With their professional factory race team entering its eighth racing season and their blue-colored hand tools gracing the work benches of many world class mechanics and bike shops, Unior has made a name for itself in the bike industry over the years. However, as those areas represent their main focus of business on the bike side at the moment, their aftermarket sales are not necessarily pushed, apart from their multitools, and it's not surprising that their level of consumer recognition could be much higher. Looking at their precision products and lineup that covers every aspect of bike tools, and much more beyond that, it's not far-fetched to say that it should be.
Situated in Slovenia in central Europe, Unior owns multiple factories spread over the small country with a population of only about two million people. About 2,100 out of those people are employed by Unior, totaling about 3,750 employees worldwide. Unior's field of expertise in metalworking spans far wider than just the bike industry and is split into four areas: forging, special machines, hand tools and tourism.
As a renowned supplier to the automotive industry, their forging and sintering department is utilized by many car brands, including big players like Volkswagen and BMW and boutique labels like Ferrari and Lamborghini. While many of the machines in the factory buildings can't hide the decades of heavy use, Unior's special machine department is building a lot of their high-tech manufacturing equipment—from CNC machines to laser cutters and other production equipment—on their own, and they have branched out into offering custom solutions for other manufacturers.
Among other things in the tourism sector, Unior is also owner of two ski resorts with their own bike parks in the summer time, which comes in handy for the Unior Tools Team and grass-roots team to hit practice laps on. With the dedicated staff working hard on bringing more people to the bike in general, many projects around Ljubljana – including running a race BMX track, building pump tracks and working on the establishment of a trail network together with the city – are keeping them busy beyond running their own race teams.
Unior is building many of their machines - as well as those of other manufacturers - in its special machine department.
Some processes are best handled by robots, while others, like hot forging, will remain manual labor for the forseeable future.
A CNC drill working on a form for a forging process.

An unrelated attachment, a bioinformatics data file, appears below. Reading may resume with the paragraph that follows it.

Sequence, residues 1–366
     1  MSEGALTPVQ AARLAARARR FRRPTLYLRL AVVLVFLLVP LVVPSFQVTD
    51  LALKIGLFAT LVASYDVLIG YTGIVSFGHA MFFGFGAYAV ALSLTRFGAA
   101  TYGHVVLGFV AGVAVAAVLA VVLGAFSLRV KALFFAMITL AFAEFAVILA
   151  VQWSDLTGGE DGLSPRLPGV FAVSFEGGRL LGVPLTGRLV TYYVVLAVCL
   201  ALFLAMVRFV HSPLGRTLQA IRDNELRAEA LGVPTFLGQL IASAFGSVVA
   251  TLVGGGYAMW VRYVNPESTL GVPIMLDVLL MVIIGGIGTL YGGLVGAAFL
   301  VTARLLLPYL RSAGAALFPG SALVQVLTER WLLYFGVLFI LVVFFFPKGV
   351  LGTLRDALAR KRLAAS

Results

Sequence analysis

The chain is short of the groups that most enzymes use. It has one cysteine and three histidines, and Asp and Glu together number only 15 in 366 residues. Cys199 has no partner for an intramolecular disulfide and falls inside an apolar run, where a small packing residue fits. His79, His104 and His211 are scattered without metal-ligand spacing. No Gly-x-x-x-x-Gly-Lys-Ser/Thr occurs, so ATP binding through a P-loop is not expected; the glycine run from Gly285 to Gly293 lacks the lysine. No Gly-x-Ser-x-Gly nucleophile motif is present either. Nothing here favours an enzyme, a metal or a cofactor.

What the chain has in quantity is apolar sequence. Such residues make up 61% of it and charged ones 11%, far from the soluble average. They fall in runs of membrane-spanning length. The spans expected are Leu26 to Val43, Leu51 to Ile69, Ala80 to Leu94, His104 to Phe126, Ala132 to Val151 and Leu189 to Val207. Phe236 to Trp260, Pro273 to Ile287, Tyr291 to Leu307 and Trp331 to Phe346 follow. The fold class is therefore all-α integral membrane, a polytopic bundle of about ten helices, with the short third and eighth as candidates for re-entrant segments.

The corporate name Unior is derived from the Slovenian words UNIverzalna ORodja, meaning Universal Tools.
Alongside the introduction of their 2017 Unior Tools factory race team in Slovenia's capital Ljubljana—including their two new downhill racers Rudy Cabirou and Taylor Vernon—Tine Mahkovec the head of Unior's bike tools division, and team manager Grega Stopar took us on a little tour in two of their plants for a look behind the scenes of metal manufacturing.
Some of the older factory buildings show the strong heritage of Unior's metalworking, dating back to 1919. Today, Unior is among Europe's three largest forgers.
Watching red-hot glowing pieces of metal getting hammered into connecting rods for cars by tons of pressure is humbling ... and deafening.
It takes years for workers to develop the proper skills to accurately place the metal underneath the rapidly rising and dropping weight.
Unior's head of the bike tools divison, Tine Mahkovec (center), kept pulling small and large tools out of bins in every aisle.
Unlike their recently introduced multitools, the size of that wrench might turn out to be a bit unhandy on your next ride.
Due to a color-conflict with another manufacturer, Unior's tools are red in North America.
This strange looking tool is for replacing tubes on Dutch city bikes without needing to open the driveside of the hub. It does require bending the rear stays apart, though.
This is what most tools look like before being pressured into shape. The raw materials, delivered in long rods or plates, are cut into pieces for the forging or forming processes.
This cold forming press can build up a pressure of about 1,200 tons.
The maximum outer diameter of cold forging at Unior is 80 mm, with a maximum length of 220 mm. This can total up to a weight of 7 kg.
It's not surprising that other companies rely on Unior's manufacturing knowledge.
In case you ever wondered how the grip material is applied to certain hand tools.
Unior can cut about any shape for tools or trays out of foam.
There's still lots of manual labor involved at Unior, including placing the tools into the forms.
Every mechanic's dream.
Even the packaging is produced in one of Unior's facilities.
Of course, all the finished tools need to be stored somewhere before shipping.
Thanks to a sophisticated warehouse management system, parts can be located quickly.
Indiana Jones might take a while to find his crate in here as well.
Always fun when you have to get something from the top shelf.
Just a selection of Unior Tools' entire lineup. You wouldn't want to carry their tool catalog around for too long.
Dear Santa, I was a really good boy this year and would like...
With the foam layout, there can be no doubt about which tool is missing.
This version of available work benches comes stacked full of bike tools.